Audi A4 B7 2.0T Oil Change
2.0T Oil Change: Yes, you can do it!
An oil change is an important part of your car’s maintenance regimen. Because of the synthetic oil used on many modern Audis, the recommended interval is 5000 miles. The B7 oil change is slightly more involved than the B6, but in many ways it’s more efficient, and most definitely less messy. It may seem daunting, but it’s quite an easy process. Audiction took advantage of a beautiful, warm March day to prepare a detailed DIY to help guide you through your first oil change on your 2.0T. Before you know it, you’ll be a pro! Some of the items are interchangeable; what’s listed is what we used.
- Audi A4 B7 2.0T (2005.5 – 2008)
- Oil Filter (Part #06D115562)
- Magnetic Drain Plug (Part #N90813202)
- 5 Liters of Lubro Moly Synthoil Premium 5W40 Engine Oil
- Motul Engine Clean Auto (300 ml) (optional)
- Flat Head Screwdriver
- 19mm Socket and Ratchet
- Oil Filter Socket
- Oil Filter Housing Drain Tube
- Torque Wrench
- Oil Drain Pan and Funnel
- Paper Towels/Rags/Cardboard
Drive the car to warm up the engine oil. About 15 minutes of driving is sufficient to get the oil warm. We added a bottle of Motul Engine Clean to degunk the engine a bit. If you choose to follow this, you can add this and let the car idle for 15 minutes instead of driving it. We found the oil to be warm enough.
Drive the car onto ramps or put it on jack-stands. Make sure the car is secured properly before climbing underneath.
Remove the belly pan using the flat head screwdriver.
Open the hood and remove the oil cap to let the pressure in the crankcase escape. This should go without saying, but make sure your car is off before removing the oil cap. Set the cap aside and carefully clean around the hole into the crankcase (if it’s dirty). Be careful not to let any dirty or debris fall in.
Locate the engine oil filter. It is on the driver’s side of the engine right above the motor mount. Unscrew the protective cap on the bottom of the oil filter. From underneath the car, screw the head of oil filter housing drain tube into the bottom of the filter until you feel resistance. Then connect the hose, making sure the line is pinched. Continue to screw until you hear the click of the drain valve. Oil should start to drain down the hose. Un-pinch the hose and let it drain into your drain pan. When it’s done, re-pinch the hose and let it catch whatever else drips out.
Climb under the car. If you’ve never done an oil change before, it’s a good idea to lay a piece of cardboard down under the oil pan. Grab your ratchet and 19mm socket. The drain plug is on the passenger side of the car. Make sure the socket is seated properly and steadily apply pressure until the initial bond breaks. For the most part, you should be able to unscrew the bolt by hand (be careful, the oil pan is probably still very warm).
Grab your drain pan and hold it up close to where the drain plug is. Continue to unscrew the plug. You’ll start to see oil drip out, and you’ll start to get a sense of where the end is. When the plug finally releases, let it drop into the drain pan. By holding it close to the plug, hopefully you’ve caught the initial jet of oil and it hasn’t sprayed all over your driveway. You can lower the pan to the ground; just gauge where the oil flow is going. As it slows, it will trickle out. Let the oil drain out for about 10 minutes or so.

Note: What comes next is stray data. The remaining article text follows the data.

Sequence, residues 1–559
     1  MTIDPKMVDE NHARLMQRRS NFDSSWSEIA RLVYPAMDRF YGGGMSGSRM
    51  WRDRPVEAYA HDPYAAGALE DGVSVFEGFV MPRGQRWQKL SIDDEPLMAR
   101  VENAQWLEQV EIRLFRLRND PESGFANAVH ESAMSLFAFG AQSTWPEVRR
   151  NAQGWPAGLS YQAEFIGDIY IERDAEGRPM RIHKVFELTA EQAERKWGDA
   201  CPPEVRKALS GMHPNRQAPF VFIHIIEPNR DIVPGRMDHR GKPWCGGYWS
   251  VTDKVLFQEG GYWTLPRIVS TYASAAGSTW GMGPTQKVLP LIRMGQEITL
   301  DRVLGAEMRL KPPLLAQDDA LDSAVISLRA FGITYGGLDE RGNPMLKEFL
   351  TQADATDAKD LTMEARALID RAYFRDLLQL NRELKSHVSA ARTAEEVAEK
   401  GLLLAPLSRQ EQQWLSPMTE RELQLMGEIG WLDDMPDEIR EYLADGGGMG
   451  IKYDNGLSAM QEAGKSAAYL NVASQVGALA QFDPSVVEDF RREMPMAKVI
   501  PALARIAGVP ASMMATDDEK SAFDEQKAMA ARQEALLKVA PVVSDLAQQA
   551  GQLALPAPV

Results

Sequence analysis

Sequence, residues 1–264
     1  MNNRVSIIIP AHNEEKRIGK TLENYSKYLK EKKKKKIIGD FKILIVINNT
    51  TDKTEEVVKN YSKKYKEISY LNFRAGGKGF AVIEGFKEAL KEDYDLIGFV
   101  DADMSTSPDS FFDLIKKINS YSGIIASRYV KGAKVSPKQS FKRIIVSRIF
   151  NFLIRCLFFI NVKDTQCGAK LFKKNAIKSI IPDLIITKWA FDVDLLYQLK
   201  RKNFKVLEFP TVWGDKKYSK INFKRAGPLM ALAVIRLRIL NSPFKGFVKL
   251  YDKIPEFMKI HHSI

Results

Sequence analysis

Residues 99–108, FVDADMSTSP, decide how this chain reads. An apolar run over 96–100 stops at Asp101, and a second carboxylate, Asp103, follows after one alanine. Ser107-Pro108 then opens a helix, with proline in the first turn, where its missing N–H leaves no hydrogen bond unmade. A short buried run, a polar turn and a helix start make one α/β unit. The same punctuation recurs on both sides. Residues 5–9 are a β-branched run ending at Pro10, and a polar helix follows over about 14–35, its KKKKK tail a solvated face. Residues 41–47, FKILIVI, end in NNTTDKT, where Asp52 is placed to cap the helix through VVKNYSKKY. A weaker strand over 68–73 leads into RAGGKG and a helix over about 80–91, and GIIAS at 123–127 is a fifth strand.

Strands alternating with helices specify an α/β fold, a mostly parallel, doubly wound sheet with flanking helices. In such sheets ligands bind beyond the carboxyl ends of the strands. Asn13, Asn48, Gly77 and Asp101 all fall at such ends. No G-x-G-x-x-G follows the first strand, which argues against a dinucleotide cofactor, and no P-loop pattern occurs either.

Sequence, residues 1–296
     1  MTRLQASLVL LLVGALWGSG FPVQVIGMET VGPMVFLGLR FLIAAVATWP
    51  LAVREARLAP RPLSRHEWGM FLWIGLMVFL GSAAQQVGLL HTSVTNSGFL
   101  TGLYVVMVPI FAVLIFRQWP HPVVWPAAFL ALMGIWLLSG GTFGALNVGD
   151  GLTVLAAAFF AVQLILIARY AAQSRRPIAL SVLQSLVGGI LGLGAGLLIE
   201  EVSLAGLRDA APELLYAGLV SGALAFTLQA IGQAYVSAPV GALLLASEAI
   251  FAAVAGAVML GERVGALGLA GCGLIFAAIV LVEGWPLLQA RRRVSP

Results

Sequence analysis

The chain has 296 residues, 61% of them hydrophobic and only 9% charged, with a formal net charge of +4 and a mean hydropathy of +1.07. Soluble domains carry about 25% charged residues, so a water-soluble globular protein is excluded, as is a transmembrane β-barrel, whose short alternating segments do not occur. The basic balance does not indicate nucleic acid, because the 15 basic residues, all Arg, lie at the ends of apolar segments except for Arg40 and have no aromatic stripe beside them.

Go back to the engine oil filter. Drain any remaining oil and unscrew the hose and head. Use the oil filter socket (you may need an extension), and unscrew the oil filter from under the car. Once you break the initial bond, you should be able to unscrew it by hand. Remove the assembly, and drain any oil into the drain pan. Discard the old filter.
Take your new filter and seal out of the box. Note how the old seal is situated on the filter housing (there’s a little tab sticking up, use that to gauge its relative position). Remove the old seal, dab the new seal with some of the used engine oil, and reinstall it. Put the new filter in the housing and screw it back into position. You may need to apply some pressure to help it catch the threads, but once it catches, it should screw on effortlessly. Use the torque wrench and tighten the filter to 25 nm (neuton meters). Reinstall the protective cap.
Screw your new oil drain plug into the oil pan. Screw it in by hand so you don’t cross-thread it. When it’s tight, use a torque wrench and tighten to 30 nm (neuton meters). If you don’t have access to a torque wrench, tighten it with a ratchet just to the point that you feel resistance, and then give about a quarter turn.
Add your engine oil. The 2.0T has a capacity of 4.5L of oil. Add it slowly through the hole in the crankcase. If you’re unsure of exactly how much to add, err on the side of caution and add less (you can always add more, but it’s a pain to take oil out). Make sure the cap is on tight.
Start the car and check for leaks. If there are none, reinstall the belly pan and put the car back on the ground. After the car has run for ~10 minutes, check the oil level and adjust as necessary. Dispose of the old engine oil properly (I put it in the oil containers that are now empty, a funnel helps greatly here). Local laws differ, but most gas stations or places that sell oil will take your old oil from you.
Clean up and enjoy the money you saved by DIY’ing!
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